It is Dimmock’s avoidance of the easy conventions of this genre that is important. This is one aspect that I am very critical of in other works of addicts like Eugene Richards’ Cocaine True, Cocaine Blue. His book is regarded as a great achievement due to the dynamic imagery and for Gene’s ability to enter this secretive world of cocaine addicts. His getting the ‘in’ was an amazing achievement but his ’dynamic imagery’ is far too stylized for me to relate to the realness and tragedy of the situation. Gene’s ultra close-ups and splayed perspectives lend themselves closer to the language used in comic book illustrations than a language that represents reality. In fact, when I look through that book its self-consciousness constantly reminds me more of Gene Richards, the photographer, than the subjects. It may be a disturbing thought but I believe that when photographers look at that work, they may be responding more to Gene and his photography than to the subject. Dimmock avoids being present. She becomes the fly on the wall and sets no artificial barrier between us and the witnessing of events.

The other complicated territory that Dimmock’s book avoids is where some of Gene’s photos cross the line on what we should see and when it might be best to put the camera away. It probably relies on your political sway as to how you digest many of these images but I am not sure I actually need to see a black woman about to humiliate herself by fellating a man for drug money while her child hugs her back. Yes, arguably the world dealt that card to Gene but does he really need to play it? That picture gives image to the stereotype of irresponsibility at the full expense of that woman‘s dignity.

Ultimately, the hardest thing for me to overcome with this type of work is that it always seems to give image to our mental laundry list of what we would expect when imagining a drug addict’s life. Besides the specific facts provided by the photographs, how much is my understanding of the subject being pushed into more complex territory?

The complicated territory in Dimmock’s book will be navigated by way of our judgment. Dimmock focuses mainly on Jesse, whose long-term use of heroin has drastically weathered her former beauty. She, unlike the others, wears a look of sadness in her eyes that may be read as a desire to clean up. Jesse is the only character whom we might care for enough to wish for her escape. But as the book ends, she is in the hospital and still shooting up right in the bed. In the last picture, she finally engages directly with the camera and though her look we suspect that sadly there is little hope and she will take the disease to the grave.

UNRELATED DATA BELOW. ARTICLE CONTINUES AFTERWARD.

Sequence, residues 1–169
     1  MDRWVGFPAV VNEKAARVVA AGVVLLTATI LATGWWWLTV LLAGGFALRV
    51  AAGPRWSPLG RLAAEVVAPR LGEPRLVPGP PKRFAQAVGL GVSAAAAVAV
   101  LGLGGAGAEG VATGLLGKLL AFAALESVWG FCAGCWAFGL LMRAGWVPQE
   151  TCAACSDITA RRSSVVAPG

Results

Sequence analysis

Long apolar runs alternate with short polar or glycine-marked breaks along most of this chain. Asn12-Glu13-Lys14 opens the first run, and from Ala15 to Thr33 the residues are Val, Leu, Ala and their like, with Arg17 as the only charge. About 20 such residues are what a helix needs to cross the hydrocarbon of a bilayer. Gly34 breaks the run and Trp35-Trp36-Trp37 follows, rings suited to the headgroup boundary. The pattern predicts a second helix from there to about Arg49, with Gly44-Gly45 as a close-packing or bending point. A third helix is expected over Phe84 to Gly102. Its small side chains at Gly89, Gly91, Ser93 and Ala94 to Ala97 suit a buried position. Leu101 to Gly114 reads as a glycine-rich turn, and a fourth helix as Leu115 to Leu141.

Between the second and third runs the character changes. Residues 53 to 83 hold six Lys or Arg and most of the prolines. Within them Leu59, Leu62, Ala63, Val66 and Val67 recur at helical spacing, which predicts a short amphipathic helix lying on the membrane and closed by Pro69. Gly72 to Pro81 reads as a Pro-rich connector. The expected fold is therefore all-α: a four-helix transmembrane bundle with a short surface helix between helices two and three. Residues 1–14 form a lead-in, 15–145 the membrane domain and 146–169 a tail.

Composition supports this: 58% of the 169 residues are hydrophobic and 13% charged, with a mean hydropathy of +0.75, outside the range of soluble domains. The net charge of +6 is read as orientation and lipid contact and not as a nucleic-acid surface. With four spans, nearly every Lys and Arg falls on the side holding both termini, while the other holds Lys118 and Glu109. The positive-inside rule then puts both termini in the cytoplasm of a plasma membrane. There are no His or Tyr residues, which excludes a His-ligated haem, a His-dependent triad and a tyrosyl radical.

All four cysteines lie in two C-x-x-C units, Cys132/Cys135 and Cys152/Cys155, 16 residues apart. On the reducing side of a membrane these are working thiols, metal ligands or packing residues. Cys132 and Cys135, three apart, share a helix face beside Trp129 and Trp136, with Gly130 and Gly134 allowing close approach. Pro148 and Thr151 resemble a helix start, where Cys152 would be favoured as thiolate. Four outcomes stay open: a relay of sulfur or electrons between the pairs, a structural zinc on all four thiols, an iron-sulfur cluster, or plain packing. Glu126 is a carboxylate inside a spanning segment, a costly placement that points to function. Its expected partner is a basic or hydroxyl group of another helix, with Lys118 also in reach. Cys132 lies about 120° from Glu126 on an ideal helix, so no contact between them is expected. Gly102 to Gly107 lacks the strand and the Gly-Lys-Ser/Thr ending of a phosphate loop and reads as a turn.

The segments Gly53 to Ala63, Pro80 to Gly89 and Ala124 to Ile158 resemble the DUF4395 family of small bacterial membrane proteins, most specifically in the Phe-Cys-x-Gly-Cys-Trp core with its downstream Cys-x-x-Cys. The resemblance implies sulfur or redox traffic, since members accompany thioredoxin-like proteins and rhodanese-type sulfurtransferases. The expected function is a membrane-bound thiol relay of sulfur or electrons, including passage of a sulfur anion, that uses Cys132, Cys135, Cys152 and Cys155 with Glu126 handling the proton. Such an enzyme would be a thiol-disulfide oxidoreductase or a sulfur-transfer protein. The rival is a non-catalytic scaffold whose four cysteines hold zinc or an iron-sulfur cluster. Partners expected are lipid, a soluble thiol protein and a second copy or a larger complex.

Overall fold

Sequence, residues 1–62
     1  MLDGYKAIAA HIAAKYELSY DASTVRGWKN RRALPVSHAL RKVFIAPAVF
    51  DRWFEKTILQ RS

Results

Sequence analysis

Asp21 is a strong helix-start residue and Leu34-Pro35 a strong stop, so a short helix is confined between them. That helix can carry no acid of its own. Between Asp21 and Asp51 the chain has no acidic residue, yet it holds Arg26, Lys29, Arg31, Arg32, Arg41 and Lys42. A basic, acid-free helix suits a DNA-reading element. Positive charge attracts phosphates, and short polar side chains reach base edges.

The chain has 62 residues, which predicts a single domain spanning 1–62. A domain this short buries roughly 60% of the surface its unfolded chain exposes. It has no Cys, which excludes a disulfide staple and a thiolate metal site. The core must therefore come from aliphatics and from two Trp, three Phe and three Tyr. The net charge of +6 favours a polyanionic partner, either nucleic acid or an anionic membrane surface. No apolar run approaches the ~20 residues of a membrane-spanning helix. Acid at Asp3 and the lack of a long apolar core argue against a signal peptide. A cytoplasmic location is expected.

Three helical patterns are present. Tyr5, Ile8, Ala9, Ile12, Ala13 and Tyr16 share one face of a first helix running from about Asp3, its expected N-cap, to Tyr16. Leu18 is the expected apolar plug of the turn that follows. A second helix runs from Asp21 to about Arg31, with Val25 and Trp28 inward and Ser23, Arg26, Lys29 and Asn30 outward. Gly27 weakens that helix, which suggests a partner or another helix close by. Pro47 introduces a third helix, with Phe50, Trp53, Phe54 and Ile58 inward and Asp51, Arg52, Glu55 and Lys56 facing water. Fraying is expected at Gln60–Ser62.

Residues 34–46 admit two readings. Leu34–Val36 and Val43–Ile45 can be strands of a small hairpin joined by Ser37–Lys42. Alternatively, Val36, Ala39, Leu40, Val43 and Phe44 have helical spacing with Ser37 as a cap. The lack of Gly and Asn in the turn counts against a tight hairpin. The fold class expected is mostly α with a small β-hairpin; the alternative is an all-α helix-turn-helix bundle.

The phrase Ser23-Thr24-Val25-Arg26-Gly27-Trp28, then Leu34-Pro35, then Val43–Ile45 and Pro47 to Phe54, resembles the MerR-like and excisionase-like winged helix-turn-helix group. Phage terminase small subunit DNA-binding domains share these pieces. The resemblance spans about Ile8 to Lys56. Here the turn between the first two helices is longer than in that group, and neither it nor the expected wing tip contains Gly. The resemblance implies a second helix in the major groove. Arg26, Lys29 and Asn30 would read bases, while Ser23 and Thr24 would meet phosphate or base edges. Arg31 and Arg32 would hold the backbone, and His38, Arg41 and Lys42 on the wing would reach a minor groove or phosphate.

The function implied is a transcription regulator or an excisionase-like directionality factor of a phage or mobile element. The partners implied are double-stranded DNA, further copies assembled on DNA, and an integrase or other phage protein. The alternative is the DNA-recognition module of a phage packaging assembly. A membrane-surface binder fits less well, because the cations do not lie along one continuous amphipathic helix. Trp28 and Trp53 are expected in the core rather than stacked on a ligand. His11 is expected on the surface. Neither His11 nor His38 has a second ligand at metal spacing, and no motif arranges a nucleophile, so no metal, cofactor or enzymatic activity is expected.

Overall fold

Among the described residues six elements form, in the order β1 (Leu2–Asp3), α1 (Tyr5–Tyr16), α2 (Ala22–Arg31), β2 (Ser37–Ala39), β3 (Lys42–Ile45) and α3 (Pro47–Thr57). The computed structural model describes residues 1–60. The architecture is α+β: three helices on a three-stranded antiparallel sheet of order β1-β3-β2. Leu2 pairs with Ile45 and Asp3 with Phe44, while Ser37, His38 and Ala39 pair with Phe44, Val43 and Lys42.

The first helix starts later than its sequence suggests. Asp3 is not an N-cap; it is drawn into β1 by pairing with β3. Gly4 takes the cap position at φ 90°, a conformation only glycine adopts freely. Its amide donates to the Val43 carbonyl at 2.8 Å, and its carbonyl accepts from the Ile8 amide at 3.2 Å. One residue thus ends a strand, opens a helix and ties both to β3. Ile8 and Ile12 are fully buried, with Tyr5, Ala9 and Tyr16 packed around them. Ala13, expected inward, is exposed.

Rachel and Dion on the other hand, come across as two pathetic and hopelessly wasted lives that will always cause distress to others through their destructive behavior. They may have the disease just as Jesse does but their selfish and decadent behavior fuels a resentment towards them that is not present in the photos of Jesse. Perhaps because these two are shown to have each other for support and Jesse is mostly alone but our anger towards these two reaches fever pitch when Rachel becomes pregnant and gives birth. One image of the couple with the newborn on a train provides a horrifying forecast of the baby’s doomed fate. See what I mean about passing judgment through photographs?

The book is inventively designed with many gatefold images and pages of mini-sequences that keep the book interesting. The paper choice is well thought out and the printing is good. Dimmock adds a 'photographer’s note' of a few thousand words that give some insight into her relationship with her subjects and Max Kozloff offers one of his more enjoyable and eloquent introductions.

I have raised the question before of who the audience is for books of this sort. Not that I think the work should be hidden, a book is a natural and perfect vehicle, but it is a world that I do not wish to participate in even voyeuristically. Because of Dimmock I have been given a taste of life on the ninth floor of 4 West 22nd street and I have found it bitter and so nauseating that I have permanently shut the door.

This is a decent book that I will be happy to never open again.

Book Available Here (The Ninth Floor)

Buy online at the ICP

Buy online at Contrasto